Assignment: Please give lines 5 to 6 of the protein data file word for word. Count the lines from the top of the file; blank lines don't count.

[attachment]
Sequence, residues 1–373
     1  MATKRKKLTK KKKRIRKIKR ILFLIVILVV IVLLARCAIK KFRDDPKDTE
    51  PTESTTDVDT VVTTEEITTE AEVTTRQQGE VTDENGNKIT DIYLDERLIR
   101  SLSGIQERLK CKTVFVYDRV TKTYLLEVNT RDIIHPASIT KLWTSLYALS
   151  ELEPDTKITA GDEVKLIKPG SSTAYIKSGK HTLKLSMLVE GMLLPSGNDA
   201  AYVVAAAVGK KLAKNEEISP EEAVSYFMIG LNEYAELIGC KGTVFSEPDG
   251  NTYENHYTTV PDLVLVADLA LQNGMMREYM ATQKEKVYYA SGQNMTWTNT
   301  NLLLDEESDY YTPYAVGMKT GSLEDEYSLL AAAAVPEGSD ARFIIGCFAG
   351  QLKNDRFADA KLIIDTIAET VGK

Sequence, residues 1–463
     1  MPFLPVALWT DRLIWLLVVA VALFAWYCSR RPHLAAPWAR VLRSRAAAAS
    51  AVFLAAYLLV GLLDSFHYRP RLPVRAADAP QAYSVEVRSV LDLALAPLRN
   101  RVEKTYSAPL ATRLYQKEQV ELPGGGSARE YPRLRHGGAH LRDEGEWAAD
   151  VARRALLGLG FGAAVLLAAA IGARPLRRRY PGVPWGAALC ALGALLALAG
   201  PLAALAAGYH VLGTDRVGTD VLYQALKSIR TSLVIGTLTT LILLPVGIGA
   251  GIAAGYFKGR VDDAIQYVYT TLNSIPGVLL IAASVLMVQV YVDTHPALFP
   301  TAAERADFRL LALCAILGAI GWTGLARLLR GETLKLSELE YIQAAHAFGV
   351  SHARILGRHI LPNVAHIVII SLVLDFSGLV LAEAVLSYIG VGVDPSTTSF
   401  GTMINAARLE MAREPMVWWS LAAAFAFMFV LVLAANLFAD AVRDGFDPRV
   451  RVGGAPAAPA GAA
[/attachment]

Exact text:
   151  ELEPDTKITA GDEVKLIKPG SSTAYIKSGK HTLKLSMLVE GMLLPSGNDA
   201  AYVVAAAVGK KLAKNEEISP EEAVSYFMIG LNEYAELIGC KGTVFSEPDG